Policymakers and other interested stakeholders currently are seeking information about the comparative effectiveness of different regulatory approaches to minimizing gambling-related harm. This study responds to this research gap by exploring associations between gambling policies and disordered gambling prevalence rates. We gathered information about gambling policies for thirty European jurisdictions and past-year prevalence rates for disordered gambling for twelve of these jurisdictions. We present policy trends and prevalence rates and then describe the level of association between policy and prevalence. We observe one statistically significant association between policy and prevalence: rates of sub-clinical (i.e., Level 2) disordered gambling were higher within environments that mandated less strict regulation of advertising for online gambling. Finally, we discuss the implications of our research in the context of the current process regarding the pan-European regulation of gambling. Our findings do not offer evidence for certain assumptions made in the past by the European judiciary. Click here to visit the Library & Archives page.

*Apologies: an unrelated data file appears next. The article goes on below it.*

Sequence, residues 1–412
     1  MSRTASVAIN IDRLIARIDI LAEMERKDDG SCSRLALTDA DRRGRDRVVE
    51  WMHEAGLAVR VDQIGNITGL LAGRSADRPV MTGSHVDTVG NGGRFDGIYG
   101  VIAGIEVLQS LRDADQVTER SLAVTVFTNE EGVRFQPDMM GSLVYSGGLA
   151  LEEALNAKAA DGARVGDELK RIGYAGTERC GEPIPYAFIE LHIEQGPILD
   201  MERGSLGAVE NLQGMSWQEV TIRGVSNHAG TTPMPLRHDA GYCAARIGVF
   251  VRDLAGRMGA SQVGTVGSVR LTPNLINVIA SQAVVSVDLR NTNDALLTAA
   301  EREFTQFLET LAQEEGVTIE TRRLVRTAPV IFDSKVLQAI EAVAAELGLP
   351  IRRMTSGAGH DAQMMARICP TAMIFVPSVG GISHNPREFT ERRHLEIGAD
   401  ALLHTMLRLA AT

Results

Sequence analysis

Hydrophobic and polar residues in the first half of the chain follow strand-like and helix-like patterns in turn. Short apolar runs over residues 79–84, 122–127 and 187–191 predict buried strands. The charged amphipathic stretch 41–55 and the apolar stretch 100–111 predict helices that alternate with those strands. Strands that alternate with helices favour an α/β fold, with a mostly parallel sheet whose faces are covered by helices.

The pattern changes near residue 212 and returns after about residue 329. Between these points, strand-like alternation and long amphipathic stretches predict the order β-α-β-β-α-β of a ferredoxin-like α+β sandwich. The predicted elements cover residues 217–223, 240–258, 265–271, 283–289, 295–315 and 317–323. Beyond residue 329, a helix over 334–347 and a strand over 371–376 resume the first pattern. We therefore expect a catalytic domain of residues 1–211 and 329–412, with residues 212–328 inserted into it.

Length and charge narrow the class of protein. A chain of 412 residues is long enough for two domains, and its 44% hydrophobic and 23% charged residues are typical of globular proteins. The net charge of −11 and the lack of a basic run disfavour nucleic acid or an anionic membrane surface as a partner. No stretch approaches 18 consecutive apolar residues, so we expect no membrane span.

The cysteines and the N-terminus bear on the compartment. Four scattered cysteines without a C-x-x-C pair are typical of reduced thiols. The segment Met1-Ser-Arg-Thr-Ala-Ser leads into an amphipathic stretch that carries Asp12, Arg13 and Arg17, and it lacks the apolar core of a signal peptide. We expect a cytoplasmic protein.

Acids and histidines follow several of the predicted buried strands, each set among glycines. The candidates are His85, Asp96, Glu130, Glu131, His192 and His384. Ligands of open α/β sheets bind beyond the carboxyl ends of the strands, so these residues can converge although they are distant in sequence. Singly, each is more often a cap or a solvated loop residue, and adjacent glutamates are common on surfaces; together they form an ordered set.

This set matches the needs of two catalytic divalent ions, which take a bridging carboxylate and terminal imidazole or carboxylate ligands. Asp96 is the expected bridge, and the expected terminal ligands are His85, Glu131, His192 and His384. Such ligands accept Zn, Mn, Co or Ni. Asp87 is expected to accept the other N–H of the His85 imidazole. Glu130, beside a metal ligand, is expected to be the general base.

Expanding the Study of Internet Gambling Behavior: Trends within the Icelandic Lottery and Sportsbetting Platform
As rates of Internet gambling participation increase worldwide, so too does the need to understand how people engage in this form of gambling. This study represents the first examination of actual Internet gambling records within Iceland, a Nordic country with an active Internet lottery market that imposes strict regulations on gambling operator licenses. We summarized electronic betting records of a cohort of subscribers to the Internet betting service provider I´slensk Getspa´. We observed that the typical subscriber bet approximately 3 days per month and made fewer than two bets per gambling day, each worth approximately the equivalent of $4 US. Subscribers lost the bulk (96 %) of the amount they wagered, for a total loss of approximately $40 across the 2-year window of observation. Although these observations do not support the view of Internet gambling as an activity that is inherently risky for the typical subscriber, we did observe discontinuity across the distributions of gambling behavior, with the top 1 % of subscribers making more than three bets per day. Click here to visit the Library & Archives page.